Ms. Childs

Carolyn Childs

Principal

Mytravelresearch.com

Carolyn Childs has spent more than 25 years’ helping businesses achieve their goals by using research and other evidence to guide strategy and planning – mainly in the aviation, travel and tourism fields. She has worked in more than 35 countries on every inhabited continent and brings a detailed understanding of customers and how to connect with them.

As well as running her own businesses, Ms. Childs has worked for organizations such as the International Air Transport Association, TNS (the world’s largest custom research company) and ran the Travel Research Centre for 8 years. Her clients include blue chip names across the industry including Aer Rianta, Tourism Australia, TurEspana (Spanish national tourism organisation), Air New Zealand, Qantas and Emirates.

Ms. Childs' passion is making a difference and she does this by making research accessible and business focused. With Bronwyn White, she co-created Domesticate™ (now owned by TNS) – one of the industry’s most respected sources of strategic direction for the Australian domestic tourism market. Ms. Childs set up MyTravelResearch.com with Ms. White in 2011 to help fulfill this passion by making the tools, approaches and insights accessible to everyone.

Ms. Chiilds is a regular speaker at conferences and writes blogs for Sparksheet (on behalf of TNS) and MyTravelResearch.com. She has written an e-book “Same, same but different: Connecting with Consumers in Emerging Markets” She is a Full Member of the (UK) Market Research Society), contributes to the UNWTO panel of world tourism experts and is a founding board member of the TTRA Asia Pacific Chapter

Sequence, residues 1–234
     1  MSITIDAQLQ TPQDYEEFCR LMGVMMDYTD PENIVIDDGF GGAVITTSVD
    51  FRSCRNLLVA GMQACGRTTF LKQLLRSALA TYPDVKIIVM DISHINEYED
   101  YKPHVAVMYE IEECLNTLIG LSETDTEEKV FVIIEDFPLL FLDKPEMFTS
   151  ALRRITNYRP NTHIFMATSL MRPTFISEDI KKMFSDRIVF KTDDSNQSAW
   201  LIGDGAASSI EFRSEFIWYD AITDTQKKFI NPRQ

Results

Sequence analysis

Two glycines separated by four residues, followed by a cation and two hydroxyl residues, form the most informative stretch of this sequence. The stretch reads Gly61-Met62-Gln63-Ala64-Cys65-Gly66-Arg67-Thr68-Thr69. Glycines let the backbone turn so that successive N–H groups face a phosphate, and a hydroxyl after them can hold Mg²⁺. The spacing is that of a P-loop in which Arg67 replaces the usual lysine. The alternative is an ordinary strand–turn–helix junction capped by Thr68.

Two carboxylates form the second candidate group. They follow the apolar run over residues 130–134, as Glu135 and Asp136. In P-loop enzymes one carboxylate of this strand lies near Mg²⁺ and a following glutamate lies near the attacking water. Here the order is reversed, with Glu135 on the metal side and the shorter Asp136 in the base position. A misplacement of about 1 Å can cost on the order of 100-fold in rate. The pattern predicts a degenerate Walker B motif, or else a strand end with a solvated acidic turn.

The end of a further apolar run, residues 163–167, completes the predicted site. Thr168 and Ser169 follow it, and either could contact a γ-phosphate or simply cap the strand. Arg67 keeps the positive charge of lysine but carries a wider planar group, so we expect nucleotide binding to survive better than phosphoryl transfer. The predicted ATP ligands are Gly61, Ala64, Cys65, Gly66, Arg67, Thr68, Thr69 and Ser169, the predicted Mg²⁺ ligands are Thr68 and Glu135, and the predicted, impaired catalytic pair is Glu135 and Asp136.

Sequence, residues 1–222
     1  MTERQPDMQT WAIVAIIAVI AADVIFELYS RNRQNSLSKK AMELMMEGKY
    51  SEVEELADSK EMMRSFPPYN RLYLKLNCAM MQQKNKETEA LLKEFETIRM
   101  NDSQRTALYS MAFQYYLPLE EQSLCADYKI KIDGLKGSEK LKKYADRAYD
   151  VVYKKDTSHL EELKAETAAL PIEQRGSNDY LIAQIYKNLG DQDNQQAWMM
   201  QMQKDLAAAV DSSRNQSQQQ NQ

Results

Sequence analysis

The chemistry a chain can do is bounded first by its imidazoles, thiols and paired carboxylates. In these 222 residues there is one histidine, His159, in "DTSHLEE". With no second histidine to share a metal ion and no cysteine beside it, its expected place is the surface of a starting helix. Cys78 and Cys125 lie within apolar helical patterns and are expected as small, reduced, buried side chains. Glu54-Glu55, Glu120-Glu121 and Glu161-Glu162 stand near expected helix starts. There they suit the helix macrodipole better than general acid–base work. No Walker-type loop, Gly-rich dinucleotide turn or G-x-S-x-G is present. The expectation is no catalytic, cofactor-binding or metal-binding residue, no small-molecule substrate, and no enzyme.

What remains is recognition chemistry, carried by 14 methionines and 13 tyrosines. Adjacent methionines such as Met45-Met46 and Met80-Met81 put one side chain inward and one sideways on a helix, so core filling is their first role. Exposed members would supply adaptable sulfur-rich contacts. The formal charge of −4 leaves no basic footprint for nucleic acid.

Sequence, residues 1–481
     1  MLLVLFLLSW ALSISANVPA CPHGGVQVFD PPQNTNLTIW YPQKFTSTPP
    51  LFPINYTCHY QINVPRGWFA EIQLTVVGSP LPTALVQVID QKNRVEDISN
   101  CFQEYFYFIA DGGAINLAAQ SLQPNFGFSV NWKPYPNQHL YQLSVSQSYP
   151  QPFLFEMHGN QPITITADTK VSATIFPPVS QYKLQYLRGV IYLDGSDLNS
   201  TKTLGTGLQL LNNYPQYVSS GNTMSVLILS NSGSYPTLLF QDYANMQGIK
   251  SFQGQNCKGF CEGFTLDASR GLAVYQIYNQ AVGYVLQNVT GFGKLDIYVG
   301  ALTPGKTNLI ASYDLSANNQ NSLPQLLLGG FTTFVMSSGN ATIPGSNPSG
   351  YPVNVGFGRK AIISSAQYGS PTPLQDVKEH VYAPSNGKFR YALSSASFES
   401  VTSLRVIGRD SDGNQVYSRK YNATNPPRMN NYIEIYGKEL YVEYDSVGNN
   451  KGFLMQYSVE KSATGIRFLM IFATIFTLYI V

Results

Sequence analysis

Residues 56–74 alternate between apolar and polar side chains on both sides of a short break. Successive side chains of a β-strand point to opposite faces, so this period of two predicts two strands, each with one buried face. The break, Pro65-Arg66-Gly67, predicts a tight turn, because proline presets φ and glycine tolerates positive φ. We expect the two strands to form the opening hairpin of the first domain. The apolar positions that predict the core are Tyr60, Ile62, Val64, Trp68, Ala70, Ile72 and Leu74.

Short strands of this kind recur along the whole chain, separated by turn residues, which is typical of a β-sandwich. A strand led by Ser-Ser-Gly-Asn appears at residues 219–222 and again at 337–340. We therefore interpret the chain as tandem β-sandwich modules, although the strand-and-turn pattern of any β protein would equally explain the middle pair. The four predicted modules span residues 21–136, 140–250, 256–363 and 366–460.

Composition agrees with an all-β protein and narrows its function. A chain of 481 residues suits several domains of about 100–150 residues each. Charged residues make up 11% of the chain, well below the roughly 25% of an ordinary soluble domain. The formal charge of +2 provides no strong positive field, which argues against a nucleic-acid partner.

Ms. Childs can be contacted at 61-0-416-213962 or carolyn@mytravelresearch.com

Coming Up In The May Online Hotel Business Review




Feature Focus
Eco-Friendly Practices: The Value of Sustainability
The hotel industry continues to make remarkable progress in implementing sustainability policies and procedures in their properties throughout the world. As a result, they continue to reap the benefits of increased profitability, enhanced guest experiences, and improved community relations. In addition, as industry standards are codified and adopted worldwide, hotels can now compare how their operations measure up against their competitors in terms of sustainable practices and accomplishments. This capacity to publicly compare and contrast is spurring competition and driving innovation as hotels do not wish to be left behind in this area. Water management and conservation is still a primary issue as population growth, urbanization, pollution and wasteful consumption patterns place increasing demands on freshwater supply. Water recycling; installing low-flow fixtures; using digital sensors to control water usage; and even harvesting rainwater are just a few things that some hotels are doing to preserve this precious resource. Waste management is another major concern. Through policies of reduce, reuse and recycle, some hotels are implementing “zero-waste” programs with the goal of substantially reducing their landfill waste which produces carbon dioxide and methane gases. Other hotels have established comprehensive training programs that reinforce the value of sustainability. There is employee engagement through posters and quizzes, and even contests are held to increase innovation, sensitivity and environmental awareness. Some hotels are also monitoring a guest’s energy usage and rewarding those who consumed less energy with gifts and incentives. The May issue of the Hotel Business Review will document how some hotels are integrating eco-friendly practices into their operations and how they and the environment are benefiting from them.